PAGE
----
• I got home from the hospital and they phoned me up immediately to say they were taking her to theatre, so I had to go straight back.
    • Frank phoned me up after Silverstone last year and things started to firm up over the winter.
    • He said: ‘A friend phoned me up and told me there was a possibility of floods.’
    • My Egyptian friend had phoned me up and asked if I would like to go with her to see the Agricultural College where she studies, and meet her fellow students.
    • At least I had the sense of calling in sick this morning and when my boss phoned me up to check on me he asked if I wanted tomorrow off as well, which I gladly agreed to.
    • She phoned me up at home to ask if I could come in at 3.40!
    • It takes a couple of seconds to phone a team doctor and check if you can take something.
    • Then you come home and phone a friend to grumble about this speech you've got to make.
    • The PFY dutifully phones and a ring sound emerges from the heart of the machine.
    • Because Bill Barol and his beloved Blather Blog has returned after a months-long hiatus, including a few weeks there when he was obviously just sort of phoning it in, not that we don't all do that on occasion, of course.
    • In fact, I think Jumbah is totally phoning it in.
    • Well, I guess I'd be phoning it in too if I knew that after my scene wrapped I could go back to partying on my yacht with my movie star friends on Lake Como.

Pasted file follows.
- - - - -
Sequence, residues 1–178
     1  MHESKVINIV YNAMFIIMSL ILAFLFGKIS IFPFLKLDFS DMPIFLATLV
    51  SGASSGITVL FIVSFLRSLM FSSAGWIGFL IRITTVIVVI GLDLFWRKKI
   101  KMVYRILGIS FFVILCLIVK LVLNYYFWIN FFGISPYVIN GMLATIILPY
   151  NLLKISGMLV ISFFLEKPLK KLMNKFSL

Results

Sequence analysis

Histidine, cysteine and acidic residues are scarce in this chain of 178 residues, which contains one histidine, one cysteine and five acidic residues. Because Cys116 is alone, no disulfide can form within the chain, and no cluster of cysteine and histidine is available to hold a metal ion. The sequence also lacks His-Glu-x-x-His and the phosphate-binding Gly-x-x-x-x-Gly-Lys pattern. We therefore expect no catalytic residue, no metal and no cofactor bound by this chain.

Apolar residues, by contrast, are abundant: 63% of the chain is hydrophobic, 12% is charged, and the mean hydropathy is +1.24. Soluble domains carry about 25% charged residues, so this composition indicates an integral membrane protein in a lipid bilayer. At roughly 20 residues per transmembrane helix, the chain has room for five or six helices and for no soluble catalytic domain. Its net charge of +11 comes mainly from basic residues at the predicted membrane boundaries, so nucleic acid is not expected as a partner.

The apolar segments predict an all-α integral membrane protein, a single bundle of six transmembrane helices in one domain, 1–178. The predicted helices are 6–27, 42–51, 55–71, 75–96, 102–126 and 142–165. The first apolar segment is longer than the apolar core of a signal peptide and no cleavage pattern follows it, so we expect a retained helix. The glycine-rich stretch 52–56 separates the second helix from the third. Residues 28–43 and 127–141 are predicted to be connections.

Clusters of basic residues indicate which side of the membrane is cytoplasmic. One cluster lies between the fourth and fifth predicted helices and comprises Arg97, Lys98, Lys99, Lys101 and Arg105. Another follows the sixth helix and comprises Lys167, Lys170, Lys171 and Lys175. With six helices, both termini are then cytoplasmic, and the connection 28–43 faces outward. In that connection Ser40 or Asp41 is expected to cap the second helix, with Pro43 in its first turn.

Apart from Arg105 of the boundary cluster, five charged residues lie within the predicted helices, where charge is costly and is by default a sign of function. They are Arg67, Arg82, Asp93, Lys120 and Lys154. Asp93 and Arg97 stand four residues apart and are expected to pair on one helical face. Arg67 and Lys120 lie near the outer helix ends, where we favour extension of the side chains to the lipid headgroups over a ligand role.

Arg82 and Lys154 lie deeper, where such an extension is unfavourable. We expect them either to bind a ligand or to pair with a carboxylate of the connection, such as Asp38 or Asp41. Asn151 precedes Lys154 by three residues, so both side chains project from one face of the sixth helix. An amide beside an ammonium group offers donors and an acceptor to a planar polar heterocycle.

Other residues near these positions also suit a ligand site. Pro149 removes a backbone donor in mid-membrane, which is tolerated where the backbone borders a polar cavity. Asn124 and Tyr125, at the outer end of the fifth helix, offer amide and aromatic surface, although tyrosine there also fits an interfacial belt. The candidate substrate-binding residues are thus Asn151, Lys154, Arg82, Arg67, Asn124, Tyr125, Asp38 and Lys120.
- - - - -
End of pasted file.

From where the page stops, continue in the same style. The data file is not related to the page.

• Comfort can easily lead to complacency, and for a band rooted in punk's Riot Grrrl movement, there's no greater sin than phoning it in.
    • Yeah, it's August, but someone's really phoning it in at the Guardian.
    • On this collection Sarah Vaughan sounds like she's phoning it in - you can almost hear her yawning.
    • I talked to a newsperson who said the U.S. military is just phoning it in.
    • Other people see talent and virtuosity; I see a narcissist who's phoning it in.
    • Bronson simply phones it in and collects his check, though probably having his wife Jill Ireland as co-producer was a nice inducement.
    • Renée Zellweger's mannered neuroticism is becoming increasingly annoying and Catherine Zeta-Jones phones it in.
    • Sure, the official first game of the season took place, but so did four preseason games and another contest where the Rangers phoned it in against their Oklahoma City affiliate.
    • Jesse Ventura is brought up, but Dave says towards the end he phoned it in.
    • He seems content to just phone it in, and why shouldn't he?
    • Dangers never succumbs to the temptation to phone it in, and he never relegates himself to simply giving in and playing generic pop music.
    • Without a muse-cum-taskmaster Timbaland is tempted to phone it in, as he does on Under Construction II, a sequel not worthy of the name.
    • The theater district's Chimichurri Grill offers an Argentine menu that doesn't just phone it in.
    • Anthony Edwards and Gary Sinise both phone it in, and Dominic West has little trouble playing the drunk.
    • So as they say in showbiz speech, he's phoning it in tonight.
    • I can question his choice of material (as I often do), but I certainly can't complain that he's phoning it in.
    • The band still makes some great songs; when the group misses, it's by trying to do too much, not by phoning it in Stones-like.
  • 2

    she phoned the results to us telefoneó para darnos los resultados
    • I'll phone you the information as soon as I get it te llamaré con la información en cuanto la tenga
    • I phoned my story through to the office llamé a la oficina y les dicté el artículo por teléfono

intransitive verb

  • 1

    llamar (por teléfono)
    have you phoned for a taxi? ¿has llamado para pedir un taxi?
    • he asked me to phone back later me pidió que llamara / telefoneara más tarde
    • I phoned through to head office llamé directamente a la casa central